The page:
Charlie Collie Snoop for Hire
When I heard a buzz about a British bestseller written by a very funny woman who wasn’t afraid to talk about feminism, I thought, “This is the book for me!” And when I checked out the book and found a blurb on it that referred to it as “the British version of Tina Fey’s Bossypants,” I thought, “this is definitely the book for me!” Although I see only a few similarities between Bossypants and Caitlin Moran’s How to Be a Woman (both written by funny women who are willing to acknowledge the difficulties of being a mother), it really was the book for me.
Caitlin Moran began her career as a columnist for Melody Maker (a British music magazine) at the ripe young age of 16. Her book is a funny but pertinent look at feminism and women in the Western world today, told through important events/mistakes over the course of her life and career. She’s warm, irreverent, and a bit crass. Reading this book felt to me like getting back in touch with an old friend and laughing about ridiculous life choices made in an effort to be a woman.
How to Be a Woman
If you can get past the title, you'll love the book. The story takes place in Oslo, Norway, days before the annual Norwegian Independence Day celebration. 11 year old Nilly has just moved to his new house where he meets his new neighbor, 11 year old Lisa. Nilly is very small - which is important to remember. Living next door to Lisa is the inventor, Doctor Proctor. Doctor Proctor has invented many things, including a powder that makes you glow green and the all important fart powder (regular strength) and fartonaut powder (extra strength). You'll also meet the not so nice twins Truls and Trym, and Anna Conda. You can decide what you think of Anna. There is intrigue, revenge, adventure, lots of laughter and of course - farts! The humor and magic has been compared to Roald Dahl. There are two more books in the series to enjoy, Bubble in the Bathtub and Who Cut the Cheese? My youngest son and I really liked the book and will be starting the next one tonight.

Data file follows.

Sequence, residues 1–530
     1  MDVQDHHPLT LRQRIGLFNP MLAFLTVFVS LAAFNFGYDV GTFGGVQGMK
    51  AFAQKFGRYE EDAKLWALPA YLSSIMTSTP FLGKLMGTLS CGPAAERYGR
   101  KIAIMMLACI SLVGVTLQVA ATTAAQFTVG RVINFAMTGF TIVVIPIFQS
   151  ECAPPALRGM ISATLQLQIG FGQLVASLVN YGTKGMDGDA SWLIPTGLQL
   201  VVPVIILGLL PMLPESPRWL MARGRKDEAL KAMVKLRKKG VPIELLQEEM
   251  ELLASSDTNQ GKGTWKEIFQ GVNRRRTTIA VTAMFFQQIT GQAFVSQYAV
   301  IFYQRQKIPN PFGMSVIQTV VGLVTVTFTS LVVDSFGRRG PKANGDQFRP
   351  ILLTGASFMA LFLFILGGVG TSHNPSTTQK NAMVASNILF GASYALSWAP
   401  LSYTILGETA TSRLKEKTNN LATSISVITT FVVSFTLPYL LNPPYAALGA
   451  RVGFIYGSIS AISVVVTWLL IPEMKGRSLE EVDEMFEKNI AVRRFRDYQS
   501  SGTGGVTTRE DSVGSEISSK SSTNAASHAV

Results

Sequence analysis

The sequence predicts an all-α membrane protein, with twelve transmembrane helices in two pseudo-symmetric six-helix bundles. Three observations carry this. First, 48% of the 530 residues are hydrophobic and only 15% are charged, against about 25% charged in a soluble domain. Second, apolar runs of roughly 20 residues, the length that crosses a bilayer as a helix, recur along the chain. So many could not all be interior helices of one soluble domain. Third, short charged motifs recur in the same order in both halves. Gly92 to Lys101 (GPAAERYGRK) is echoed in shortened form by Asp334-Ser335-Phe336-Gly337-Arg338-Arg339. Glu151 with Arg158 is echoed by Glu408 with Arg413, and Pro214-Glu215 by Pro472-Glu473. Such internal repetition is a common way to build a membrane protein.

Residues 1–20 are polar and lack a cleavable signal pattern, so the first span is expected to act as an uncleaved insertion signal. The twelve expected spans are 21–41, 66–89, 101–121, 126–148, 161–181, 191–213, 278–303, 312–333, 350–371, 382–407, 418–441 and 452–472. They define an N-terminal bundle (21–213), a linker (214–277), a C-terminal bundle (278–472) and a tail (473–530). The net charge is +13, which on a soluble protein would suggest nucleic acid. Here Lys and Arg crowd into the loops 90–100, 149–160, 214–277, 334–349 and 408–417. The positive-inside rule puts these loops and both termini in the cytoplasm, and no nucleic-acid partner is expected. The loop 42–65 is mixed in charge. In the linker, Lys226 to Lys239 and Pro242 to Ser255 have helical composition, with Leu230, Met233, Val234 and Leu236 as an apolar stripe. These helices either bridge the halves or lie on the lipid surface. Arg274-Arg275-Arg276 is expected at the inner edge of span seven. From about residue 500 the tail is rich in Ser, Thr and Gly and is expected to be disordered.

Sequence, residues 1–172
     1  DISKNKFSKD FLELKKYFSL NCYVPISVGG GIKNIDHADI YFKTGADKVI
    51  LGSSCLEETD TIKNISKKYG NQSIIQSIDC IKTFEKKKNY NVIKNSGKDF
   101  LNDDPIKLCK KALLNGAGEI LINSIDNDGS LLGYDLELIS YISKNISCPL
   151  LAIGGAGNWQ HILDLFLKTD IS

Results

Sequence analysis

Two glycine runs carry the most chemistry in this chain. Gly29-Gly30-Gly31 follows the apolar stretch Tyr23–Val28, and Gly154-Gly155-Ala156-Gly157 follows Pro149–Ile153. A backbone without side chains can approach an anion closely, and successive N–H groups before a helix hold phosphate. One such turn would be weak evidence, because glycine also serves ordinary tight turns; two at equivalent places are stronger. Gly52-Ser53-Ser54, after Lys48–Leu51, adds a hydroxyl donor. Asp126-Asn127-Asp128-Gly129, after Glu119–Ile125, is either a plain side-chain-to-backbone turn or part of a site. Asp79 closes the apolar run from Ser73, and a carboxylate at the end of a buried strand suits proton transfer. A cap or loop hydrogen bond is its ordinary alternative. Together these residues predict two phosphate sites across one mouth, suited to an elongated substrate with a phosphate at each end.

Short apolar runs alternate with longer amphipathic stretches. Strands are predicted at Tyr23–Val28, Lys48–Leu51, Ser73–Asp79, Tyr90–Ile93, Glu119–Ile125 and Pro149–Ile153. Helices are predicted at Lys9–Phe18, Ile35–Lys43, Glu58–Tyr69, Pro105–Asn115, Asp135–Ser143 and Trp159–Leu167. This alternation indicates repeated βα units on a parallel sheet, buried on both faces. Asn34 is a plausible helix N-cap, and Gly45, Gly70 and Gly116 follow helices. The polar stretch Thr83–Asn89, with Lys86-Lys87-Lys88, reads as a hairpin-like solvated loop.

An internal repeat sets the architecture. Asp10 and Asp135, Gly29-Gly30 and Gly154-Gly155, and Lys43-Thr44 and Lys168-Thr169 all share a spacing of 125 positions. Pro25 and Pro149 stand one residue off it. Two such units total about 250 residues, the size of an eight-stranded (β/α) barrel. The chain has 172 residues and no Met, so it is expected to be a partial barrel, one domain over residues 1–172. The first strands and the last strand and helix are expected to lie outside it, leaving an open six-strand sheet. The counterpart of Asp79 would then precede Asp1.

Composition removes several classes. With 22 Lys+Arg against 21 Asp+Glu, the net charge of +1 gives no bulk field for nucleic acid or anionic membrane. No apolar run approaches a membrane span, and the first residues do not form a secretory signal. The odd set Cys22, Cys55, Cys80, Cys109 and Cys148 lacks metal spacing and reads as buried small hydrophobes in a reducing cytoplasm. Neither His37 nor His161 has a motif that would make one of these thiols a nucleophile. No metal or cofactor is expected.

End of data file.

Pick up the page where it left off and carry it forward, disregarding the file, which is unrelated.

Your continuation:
Doctor Proctor’s Fart Powder
If you are looking for a book that has a guy who can open any lock, one who can disappear in a puff of smoke, a guy who dresses in medieval armor and carries around a sword, spells that only partially work and an extremely smart monkey then Janet Evanovich's latest book "Wicked Business" might be for you. (You should read "Wicked Appetite" first). In "Wicked Business" Lizzy, the cupcake maker and sensor of magical objects, and Diesel, a magically enhanced good guy are tracking down the Luxuria stone (Latin for lust) one of the seven ancient stones that hold the power of the seven deadly sins. Professor Gilbert Reedy is tossed out of his fourth floor window. When Diesel and Lizzy show up with Carl the monkey, Carl runs up the professor's body and comes away with a tiny key in his hand. Lizzy and Diesel have to find out what the tiny key opens, solve some riddles, and find the magical stone before Wuff the magically enhanced not good guy cousin of Diesel. The fun of reading Janet Evanovich's novels is not so much the actual solve the mystery, but the journey, all the mishaps that occur along the way. Enjoy.